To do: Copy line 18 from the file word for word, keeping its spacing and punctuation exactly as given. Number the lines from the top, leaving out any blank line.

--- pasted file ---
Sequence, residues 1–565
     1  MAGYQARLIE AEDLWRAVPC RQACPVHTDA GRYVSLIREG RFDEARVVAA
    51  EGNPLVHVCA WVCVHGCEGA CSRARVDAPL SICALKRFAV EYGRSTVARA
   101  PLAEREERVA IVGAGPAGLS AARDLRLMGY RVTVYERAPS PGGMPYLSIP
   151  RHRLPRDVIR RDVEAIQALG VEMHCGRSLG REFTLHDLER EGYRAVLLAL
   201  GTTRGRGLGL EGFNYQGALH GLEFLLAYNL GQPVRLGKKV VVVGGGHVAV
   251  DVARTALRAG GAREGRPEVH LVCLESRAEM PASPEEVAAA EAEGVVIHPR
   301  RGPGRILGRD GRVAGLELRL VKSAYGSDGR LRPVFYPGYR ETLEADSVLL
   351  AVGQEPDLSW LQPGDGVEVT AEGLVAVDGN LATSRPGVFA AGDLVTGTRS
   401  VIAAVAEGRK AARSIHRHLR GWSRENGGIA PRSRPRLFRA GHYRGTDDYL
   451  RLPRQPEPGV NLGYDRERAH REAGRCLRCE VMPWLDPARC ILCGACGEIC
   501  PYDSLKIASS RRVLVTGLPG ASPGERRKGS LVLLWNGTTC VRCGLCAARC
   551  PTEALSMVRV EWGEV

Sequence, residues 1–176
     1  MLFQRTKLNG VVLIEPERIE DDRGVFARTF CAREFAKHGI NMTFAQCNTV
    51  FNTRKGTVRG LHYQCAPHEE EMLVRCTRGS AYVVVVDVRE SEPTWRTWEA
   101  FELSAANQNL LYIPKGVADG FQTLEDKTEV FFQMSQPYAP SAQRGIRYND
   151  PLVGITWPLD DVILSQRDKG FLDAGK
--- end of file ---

   151  PLVGITWPLD DVILSQRDKG FLDAGK